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History of Chinese Chops | Chinese Seals

History of Chinese Chops | Chinese Seals

Chinese chops, or seals, are used to inscribe a person’s name or family name onto items such as government documents, art, and literary works. Used since the Shang dynasty (1600 – 1046 BCE), Chinese chops allowed the writer or the document signer to place their name on an object.

Chinese chops were also seen as a work of art when the carver, after carving the seal or chop end, turned the stone around and carved an animal or other character. Other carvings on Chinese chops include words or phrases, family mottoes, and pictures.

The Qin (221 – 207 BCE) dynasty emperor, Qin Shihuangdi, was the first emperor to begin using a chop as an official signature.

How Chinese Chops Are Used

The original use of Chinese chops may have been to help those who could not read easily identify certain characters on official government documents or even to make the documents appear official. Whether it was the emperor who could not read or write or the people of the emperor’s empire, using a chop to make a mark on a piece of paper helped everyone understand more about what they were being told.

Since ancient times, artists sign their paintings with their chop. The studio where the artist works adds its chop. People who buy the paintings add their chop. Some paintings from Ancient China have over 20 chop marks. The marks do not take away value from the painting but can actually increase the price depending on who purchased the painting over the years.

Ancient Chinese chops are rare, treated as art objects, and are quite expensive to purchase.

What Chinese Chops Are Made From

Until the Ming (1368 – 1644 CE) dynasty, Ancient Chinese chops were made from animal bones and horns, wood, gold, fruit pits, clay (pottery), and brass. During the Ming dynasty, Wen Peng (1489-1573), whose father was a famous calligrapher and painter, began carving chops from stone. Although stones are harder to carve, they are longer lasting than other materials. Stones are now the material of choice for most master seal carvers.

Stones most often used for making Chinese chops are shoushan, tianhuang, jixue shi (chicken blood stone), balin, qingtian, and changhua. Each type of stone has its own characteristics including color and softness or hardness for carving ease.

How Chinese Chops Are Carved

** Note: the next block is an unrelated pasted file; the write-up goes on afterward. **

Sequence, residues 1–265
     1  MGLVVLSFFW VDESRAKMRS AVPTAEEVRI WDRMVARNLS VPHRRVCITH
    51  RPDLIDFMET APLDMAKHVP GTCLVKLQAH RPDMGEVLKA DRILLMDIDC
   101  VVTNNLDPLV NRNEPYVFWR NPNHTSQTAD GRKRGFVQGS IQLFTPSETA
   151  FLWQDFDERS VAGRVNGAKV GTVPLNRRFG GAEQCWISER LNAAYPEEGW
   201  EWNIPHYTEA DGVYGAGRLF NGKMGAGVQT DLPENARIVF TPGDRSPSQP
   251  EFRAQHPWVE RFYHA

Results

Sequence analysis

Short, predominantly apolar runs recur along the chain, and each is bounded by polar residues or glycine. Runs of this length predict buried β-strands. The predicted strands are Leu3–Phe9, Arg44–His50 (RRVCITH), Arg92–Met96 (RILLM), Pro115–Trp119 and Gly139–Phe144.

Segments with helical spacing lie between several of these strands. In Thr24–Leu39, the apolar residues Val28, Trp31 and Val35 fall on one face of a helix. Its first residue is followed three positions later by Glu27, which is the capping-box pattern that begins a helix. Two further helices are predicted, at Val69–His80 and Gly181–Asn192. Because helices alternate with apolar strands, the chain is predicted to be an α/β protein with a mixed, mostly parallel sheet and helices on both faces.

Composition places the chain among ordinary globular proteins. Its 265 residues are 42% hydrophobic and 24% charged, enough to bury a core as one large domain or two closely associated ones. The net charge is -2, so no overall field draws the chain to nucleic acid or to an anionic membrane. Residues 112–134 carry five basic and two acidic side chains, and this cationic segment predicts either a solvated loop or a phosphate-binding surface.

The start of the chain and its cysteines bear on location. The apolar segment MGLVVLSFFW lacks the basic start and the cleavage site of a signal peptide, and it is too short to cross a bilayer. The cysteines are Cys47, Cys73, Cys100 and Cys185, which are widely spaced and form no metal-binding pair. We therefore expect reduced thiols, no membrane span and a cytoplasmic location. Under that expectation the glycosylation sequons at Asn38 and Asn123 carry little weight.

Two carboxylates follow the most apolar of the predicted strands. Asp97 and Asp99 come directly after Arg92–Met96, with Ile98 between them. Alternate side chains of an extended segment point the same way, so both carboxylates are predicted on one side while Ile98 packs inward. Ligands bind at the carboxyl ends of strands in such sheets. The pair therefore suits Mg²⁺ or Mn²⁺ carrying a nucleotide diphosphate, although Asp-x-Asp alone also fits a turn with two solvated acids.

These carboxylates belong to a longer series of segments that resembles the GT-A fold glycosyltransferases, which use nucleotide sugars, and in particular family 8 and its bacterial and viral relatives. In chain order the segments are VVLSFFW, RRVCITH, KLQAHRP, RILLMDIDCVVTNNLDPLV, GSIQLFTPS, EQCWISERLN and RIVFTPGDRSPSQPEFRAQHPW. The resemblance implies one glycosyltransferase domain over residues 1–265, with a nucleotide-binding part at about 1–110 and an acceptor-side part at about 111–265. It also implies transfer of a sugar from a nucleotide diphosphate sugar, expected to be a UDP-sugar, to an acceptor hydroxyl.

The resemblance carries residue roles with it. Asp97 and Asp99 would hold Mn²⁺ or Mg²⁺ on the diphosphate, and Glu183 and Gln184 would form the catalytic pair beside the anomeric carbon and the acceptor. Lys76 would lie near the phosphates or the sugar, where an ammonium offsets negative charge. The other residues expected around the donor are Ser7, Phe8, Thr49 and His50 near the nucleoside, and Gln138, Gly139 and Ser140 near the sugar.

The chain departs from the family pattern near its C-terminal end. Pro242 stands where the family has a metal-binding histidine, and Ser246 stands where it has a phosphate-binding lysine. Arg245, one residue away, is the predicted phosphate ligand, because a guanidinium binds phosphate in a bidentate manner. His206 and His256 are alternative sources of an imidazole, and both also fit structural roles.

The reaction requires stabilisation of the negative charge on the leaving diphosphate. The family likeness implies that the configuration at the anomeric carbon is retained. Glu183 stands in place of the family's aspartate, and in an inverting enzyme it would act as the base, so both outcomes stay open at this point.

Master chop or seal engravers work hard to develop their craft. They must understand the type of stone or material the chop will be made from and how they need to carve differently based upon the material used.

Each Chinese character they carve – calligraphy – may need to be carved differently from how the character would be written on paper, such as thin or thick lines, rounded or square corners. Zhuan or seal script is the type of calligraphy characters most often used by master chop engravers to carve letters or words on the chops.

Chops are carved in two ways:

1) the character is carved in relief where the chop material is carved away from the character and the red ink outline of the character shows when the chop is pressed onto paper or

2) the character is carved in intaglio where the character is carved into the material (sunken into the material) and the character shows up as a white outline when the red-inked chop is pressed onto paper.

Chinese Chop or seal paste

The Ancient Chinese dipped chops into red seal paste. The red seal paste is usually made from two sources – silk or plant. Silk seal paste is made from cinnabar (mercury (II) sulfide or vermilion) a mineral ore found in the provinces, Guizhou and Hunan; castor, sesame, or hempseed oil; and silk strands. Silk seal paste is thick, oily, and bright red. Plant seal paste is made from cinnabar; castor, sesame, or hempseed oil; and mugwort leaves (moxa punk). Plant seal paste is loose, not oily, and dark red.

How Chinese Chops Are Used Today

In modern China, Chinese chops are still used on government documents, business documents such as contracts, and artwork. Businesses in China control the use of chops for official documents to assure that chops are only used when they are supposed to be used and only on certain documents.

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